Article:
The ‘speedtender’ is our own name for the bartenders that work in the busiest of bars on those Friday and Saturday nights. Generally bars as opposed to pubs, these places will often be kitted out with plenty of tables, some outside space and almost certainly a dance floor and DJ. The name of the game for the ‘speedtender’ is to get as many drinks out, as quickly as possible – whilst still ensuring the customers are happy and they aren’t overpouring the bar’s bottom line away. You wont be hanging about having a conversation with this bartender, they will just want to know everything you want from the moment they look at you to indicate it is your turn – and most importantly they do not want you adding on extra drinks every time they return to serve you the ones you asked for originally.

Spirits and cocktails are often the big favourites at these bars, guests tend to avoid pints and bottles as the potency is less meaning they have to return and queue at the busy bar more often. As a result ‘speedtenders’ must be the master of the pour. Generally these bars will approach this in one of two ways, control or training. The control method employs are world famous spirit measures (or optics), these ensure your bartender can never overpour. The second method is training, using tools such as the pro pour you can train your bartenders overtime to be able to free pour a 25ml or 50ml shot. With speed can come calamity. That is why the rubber bevelled floor mats are another popular choice for these speed bars, ensuring their bartenders can move around behind the bar for 6 hours at a time without their feet burning and leaving a cushion on the floor so when bottles or glasses are dropped, they don’t smash and slow down service.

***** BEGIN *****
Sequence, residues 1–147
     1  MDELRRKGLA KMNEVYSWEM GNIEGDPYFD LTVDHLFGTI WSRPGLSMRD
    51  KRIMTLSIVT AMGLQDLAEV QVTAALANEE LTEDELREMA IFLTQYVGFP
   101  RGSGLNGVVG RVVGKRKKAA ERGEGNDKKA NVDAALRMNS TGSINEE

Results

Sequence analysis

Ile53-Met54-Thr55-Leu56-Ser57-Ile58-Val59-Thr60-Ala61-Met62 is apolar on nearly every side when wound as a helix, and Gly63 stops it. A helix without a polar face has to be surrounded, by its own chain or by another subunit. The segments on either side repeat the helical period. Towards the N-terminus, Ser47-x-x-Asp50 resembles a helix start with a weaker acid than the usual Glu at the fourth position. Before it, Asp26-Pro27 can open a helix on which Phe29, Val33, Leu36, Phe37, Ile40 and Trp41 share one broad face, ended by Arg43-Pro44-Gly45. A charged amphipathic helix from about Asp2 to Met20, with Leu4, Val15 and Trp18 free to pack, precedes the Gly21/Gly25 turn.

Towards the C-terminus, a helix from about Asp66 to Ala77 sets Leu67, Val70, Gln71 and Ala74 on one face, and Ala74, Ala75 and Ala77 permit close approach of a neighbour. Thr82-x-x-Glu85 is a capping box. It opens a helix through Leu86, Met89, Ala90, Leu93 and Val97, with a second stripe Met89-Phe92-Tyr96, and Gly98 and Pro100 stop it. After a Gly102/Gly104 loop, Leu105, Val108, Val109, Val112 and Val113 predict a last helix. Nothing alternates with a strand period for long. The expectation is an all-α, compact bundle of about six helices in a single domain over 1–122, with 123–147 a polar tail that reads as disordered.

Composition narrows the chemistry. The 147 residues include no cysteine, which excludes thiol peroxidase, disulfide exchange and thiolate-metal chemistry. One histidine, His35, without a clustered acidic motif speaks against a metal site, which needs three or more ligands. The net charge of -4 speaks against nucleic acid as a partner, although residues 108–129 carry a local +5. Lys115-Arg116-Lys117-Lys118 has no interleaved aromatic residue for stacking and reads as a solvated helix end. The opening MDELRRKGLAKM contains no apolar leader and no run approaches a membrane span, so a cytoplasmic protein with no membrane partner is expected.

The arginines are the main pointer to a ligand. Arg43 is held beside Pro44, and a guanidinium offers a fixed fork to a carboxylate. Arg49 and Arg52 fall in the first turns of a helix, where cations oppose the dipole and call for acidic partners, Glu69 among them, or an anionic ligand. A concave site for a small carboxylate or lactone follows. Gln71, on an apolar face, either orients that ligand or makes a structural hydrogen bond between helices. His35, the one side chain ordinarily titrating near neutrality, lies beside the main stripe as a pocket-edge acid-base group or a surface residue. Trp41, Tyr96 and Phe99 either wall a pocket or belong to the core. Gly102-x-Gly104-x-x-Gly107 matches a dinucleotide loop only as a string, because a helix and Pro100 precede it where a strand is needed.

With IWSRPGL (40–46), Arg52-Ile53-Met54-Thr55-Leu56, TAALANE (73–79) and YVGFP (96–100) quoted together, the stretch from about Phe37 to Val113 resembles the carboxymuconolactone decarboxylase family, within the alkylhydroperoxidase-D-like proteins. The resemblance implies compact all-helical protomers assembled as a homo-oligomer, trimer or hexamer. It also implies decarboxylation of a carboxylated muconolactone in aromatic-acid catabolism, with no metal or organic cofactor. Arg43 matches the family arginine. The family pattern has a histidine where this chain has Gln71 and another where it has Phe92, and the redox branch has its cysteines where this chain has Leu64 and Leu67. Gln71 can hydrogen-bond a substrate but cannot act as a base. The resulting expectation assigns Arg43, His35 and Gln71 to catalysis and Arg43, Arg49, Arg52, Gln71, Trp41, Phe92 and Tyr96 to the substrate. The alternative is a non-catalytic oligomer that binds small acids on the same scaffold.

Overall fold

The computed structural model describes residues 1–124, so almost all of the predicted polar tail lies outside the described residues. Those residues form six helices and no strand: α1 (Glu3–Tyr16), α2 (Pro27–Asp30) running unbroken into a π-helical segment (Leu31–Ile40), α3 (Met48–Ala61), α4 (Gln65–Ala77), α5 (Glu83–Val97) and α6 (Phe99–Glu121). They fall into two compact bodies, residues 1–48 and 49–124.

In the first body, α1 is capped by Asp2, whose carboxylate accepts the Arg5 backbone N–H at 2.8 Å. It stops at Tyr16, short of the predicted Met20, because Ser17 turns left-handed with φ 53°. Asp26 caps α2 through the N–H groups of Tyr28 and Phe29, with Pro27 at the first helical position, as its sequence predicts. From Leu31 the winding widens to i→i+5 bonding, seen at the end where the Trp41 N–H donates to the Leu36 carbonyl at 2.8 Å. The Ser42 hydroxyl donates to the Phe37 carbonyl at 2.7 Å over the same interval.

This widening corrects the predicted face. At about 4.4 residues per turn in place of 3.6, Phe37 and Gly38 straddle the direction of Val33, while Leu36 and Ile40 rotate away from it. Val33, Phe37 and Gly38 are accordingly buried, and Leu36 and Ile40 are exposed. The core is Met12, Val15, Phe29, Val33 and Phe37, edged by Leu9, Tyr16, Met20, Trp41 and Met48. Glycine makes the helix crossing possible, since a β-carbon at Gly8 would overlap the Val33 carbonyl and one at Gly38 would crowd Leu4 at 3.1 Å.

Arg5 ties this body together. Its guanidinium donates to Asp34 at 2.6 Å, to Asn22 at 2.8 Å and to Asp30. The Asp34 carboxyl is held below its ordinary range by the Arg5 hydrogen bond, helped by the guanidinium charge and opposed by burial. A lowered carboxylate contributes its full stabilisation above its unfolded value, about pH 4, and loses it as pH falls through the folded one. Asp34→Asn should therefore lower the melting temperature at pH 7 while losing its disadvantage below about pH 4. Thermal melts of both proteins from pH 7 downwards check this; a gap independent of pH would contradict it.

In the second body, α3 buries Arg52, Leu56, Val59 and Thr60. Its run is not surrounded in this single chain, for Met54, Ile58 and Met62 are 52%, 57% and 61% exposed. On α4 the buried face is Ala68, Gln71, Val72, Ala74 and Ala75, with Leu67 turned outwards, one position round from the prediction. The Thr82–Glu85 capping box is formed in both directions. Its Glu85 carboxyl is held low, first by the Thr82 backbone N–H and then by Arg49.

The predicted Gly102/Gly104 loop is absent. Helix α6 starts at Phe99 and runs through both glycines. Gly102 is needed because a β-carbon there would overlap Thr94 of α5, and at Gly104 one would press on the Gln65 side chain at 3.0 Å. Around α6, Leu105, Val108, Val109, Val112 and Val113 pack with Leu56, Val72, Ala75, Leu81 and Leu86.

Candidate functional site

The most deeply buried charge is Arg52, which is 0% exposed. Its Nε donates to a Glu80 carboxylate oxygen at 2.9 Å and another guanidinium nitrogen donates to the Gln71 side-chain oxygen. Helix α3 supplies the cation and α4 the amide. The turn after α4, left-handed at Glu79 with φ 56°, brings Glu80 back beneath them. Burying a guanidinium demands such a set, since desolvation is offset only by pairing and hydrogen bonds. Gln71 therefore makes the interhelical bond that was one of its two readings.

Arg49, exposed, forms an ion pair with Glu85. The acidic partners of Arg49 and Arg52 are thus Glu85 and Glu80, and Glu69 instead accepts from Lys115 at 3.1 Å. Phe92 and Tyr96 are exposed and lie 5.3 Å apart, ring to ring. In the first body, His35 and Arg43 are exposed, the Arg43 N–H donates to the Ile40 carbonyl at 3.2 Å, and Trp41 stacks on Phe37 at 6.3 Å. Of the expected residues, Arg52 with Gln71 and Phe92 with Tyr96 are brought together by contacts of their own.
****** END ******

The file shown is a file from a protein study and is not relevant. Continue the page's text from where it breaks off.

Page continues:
Cocktail bartender or Mixologist

The cocktail bartender or mixologist is of a completely different calibre to the bartenders that we have already spoken about. These bartenders are generally (but not always) those that take the profession of bartending most seriously. Treating every drink like a chef treats a dish, the cocktail bartender will take their time with your drink, giving it a more hand crafted feel. The service typically tends to be of a higher class, generally involving a light chat and a fair amount of elaboration in the drinks making process and a small amount of craft flair to demonstrate skill and capability.